I use a Lamy Safari (a very popular choice in the urban sketching community) with an EF (extra fine) nib. I also have a Sailor fude nib fountain pen. The nib is bent so you can get calligraphic marks from it depending on what angle you hold it from the paper.
I find fountain pens loosen my sketching up as opposed to using a technical fineliner such as the Uni Pins or Microns but I do carry a selection of these with me too.
If you get a Lamy Safari (or another brand of pen), make sure you get a converter too. That way you can refill the pen with ink from a bottle which is more cost-effective and also you can buy permanent ink that is not water-soluble, and therefore will not be affected by painting with watercolours over the top.
For more information on sketching with a fountain pen, which ink to use and how to refill, check out my post here.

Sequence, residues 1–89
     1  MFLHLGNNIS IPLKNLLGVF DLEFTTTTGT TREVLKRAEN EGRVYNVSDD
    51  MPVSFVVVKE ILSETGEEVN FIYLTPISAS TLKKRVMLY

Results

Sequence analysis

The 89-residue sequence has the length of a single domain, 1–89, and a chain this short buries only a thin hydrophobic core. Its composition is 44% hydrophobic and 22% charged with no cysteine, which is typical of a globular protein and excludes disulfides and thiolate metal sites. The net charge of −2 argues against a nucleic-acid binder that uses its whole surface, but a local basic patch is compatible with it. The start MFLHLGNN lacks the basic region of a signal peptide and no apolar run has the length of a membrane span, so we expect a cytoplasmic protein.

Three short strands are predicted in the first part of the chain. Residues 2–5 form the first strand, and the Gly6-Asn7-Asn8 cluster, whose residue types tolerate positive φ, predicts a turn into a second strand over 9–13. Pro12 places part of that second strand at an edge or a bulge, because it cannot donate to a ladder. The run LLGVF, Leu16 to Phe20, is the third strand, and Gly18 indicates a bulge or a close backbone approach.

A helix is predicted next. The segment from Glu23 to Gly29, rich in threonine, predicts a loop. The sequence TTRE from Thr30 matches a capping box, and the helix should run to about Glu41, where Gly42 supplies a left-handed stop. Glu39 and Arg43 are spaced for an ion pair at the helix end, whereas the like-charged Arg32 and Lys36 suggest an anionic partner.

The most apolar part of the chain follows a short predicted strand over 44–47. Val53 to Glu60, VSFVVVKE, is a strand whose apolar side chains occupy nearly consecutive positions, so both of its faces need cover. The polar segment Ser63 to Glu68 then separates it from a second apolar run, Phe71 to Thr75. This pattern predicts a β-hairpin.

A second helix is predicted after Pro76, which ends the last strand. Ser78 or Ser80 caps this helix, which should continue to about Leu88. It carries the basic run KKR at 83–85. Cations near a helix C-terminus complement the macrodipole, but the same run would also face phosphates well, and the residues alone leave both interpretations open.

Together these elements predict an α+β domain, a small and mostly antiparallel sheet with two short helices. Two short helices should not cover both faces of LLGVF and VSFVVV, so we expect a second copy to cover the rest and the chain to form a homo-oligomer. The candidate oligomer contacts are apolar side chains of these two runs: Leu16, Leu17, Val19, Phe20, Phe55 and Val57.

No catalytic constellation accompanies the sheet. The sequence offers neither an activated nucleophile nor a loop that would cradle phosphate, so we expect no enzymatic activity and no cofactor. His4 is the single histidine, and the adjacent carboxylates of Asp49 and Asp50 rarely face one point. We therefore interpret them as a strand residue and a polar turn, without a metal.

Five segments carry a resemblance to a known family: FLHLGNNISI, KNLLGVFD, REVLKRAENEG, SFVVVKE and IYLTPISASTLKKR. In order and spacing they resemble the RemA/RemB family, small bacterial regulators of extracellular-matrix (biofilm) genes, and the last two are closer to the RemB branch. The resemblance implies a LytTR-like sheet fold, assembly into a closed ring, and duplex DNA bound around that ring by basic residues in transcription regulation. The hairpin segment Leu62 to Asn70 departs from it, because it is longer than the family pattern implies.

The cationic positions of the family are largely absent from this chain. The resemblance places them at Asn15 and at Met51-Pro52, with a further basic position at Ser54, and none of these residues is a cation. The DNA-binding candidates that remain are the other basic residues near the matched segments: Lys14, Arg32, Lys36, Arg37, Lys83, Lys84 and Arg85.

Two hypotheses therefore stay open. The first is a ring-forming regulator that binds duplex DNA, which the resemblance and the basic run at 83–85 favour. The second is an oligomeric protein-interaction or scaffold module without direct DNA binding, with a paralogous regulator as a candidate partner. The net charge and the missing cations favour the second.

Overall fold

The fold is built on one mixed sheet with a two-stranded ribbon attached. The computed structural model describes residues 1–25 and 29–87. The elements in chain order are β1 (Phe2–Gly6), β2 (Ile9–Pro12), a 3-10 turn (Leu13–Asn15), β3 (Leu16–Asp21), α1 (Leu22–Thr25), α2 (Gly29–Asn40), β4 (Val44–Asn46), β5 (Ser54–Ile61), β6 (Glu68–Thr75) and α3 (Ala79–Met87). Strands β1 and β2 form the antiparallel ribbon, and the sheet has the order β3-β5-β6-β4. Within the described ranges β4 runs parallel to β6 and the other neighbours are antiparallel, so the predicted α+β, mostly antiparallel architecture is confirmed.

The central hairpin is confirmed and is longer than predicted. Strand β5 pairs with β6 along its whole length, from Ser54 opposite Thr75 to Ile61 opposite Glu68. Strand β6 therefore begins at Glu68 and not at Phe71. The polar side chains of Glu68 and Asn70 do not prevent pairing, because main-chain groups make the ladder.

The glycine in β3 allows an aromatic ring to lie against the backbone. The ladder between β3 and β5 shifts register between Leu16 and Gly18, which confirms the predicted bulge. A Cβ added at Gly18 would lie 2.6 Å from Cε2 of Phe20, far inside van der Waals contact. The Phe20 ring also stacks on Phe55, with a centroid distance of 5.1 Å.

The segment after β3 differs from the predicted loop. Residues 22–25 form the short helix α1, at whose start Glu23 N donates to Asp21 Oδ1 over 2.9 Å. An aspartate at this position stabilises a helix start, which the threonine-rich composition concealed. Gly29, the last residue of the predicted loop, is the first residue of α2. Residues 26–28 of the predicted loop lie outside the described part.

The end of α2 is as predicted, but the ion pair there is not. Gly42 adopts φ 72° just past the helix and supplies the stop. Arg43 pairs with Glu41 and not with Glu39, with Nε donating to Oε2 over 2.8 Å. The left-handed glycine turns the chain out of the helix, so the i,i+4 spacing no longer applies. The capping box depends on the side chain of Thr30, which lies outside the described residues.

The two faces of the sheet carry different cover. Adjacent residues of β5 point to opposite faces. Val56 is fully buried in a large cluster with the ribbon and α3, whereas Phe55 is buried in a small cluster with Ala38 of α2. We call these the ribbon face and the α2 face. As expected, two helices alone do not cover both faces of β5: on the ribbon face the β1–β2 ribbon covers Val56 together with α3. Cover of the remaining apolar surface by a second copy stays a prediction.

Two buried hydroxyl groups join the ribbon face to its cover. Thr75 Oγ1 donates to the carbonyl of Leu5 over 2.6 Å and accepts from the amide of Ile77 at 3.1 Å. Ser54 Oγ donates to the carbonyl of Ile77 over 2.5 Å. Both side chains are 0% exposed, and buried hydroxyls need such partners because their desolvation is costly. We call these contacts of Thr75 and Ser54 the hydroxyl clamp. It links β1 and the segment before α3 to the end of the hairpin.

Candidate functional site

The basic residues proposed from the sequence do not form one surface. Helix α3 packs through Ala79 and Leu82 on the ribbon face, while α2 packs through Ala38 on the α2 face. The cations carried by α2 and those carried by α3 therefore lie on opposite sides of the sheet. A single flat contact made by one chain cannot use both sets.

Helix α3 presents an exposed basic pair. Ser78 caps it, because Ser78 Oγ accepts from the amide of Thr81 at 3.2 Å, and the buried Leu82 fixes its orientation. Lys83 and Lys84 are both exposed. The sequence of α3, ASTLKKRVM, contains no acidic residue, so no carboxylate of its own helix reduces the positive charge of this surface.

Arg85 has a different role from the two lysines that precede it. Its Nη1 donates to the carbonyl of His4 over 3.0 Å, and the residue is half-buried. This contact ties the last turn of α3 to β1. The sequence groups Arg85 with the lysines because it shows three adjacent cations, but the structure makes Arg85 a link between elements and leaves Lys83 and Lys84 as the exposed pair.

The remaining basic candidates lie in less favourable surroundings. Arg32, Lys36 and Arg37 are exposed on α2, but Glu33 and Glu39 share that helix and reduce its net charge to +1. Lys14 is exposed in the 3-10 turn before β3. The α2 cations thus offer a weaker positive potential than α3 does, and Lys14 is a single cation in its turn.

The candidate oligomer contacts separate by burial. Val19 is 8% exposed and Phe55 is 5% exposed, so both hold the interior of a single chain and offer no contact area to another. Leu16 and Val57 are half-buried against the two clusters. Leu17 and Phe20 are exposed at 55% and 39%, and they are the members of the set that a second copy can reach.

This is a trick used by a few urban sketchers. I think I first noticed Lynne Chapman using a sweatband in one of her Youtube videos. I’m fairly certain I’ve seen Liz Steel do this too.
A sweatband around your wrist is a great alternative to using a paper towel in order to dry your paintbrush. Make sure it’s an old thing you don’t care about because it will inevitably get covered in paint. Opt for a dark coloured band, black is probably best! Using a sweatband instead of endless paper towels is far more environmentally friendly too.
BONUS: #6 White Gel Pen
It’s not essential but used wisely it can elevate your sketch, especially if you’re sketching on toned paper but it works well on top of painted areas on white paper too.
Whatever form it takes, being able to add a touch of white in a few places can really make a sketch pop and is super fun to add. The skill is in showing restraint, don’t go adding that white all over the place – less is more!
Get in touch…
I hope you enjoyed my post about my favourite 5 urban sketching supplies.
If you have any questions at all or want to chat urban sketching, drop me a mail here: firstname.lastname@example.org – I always reply!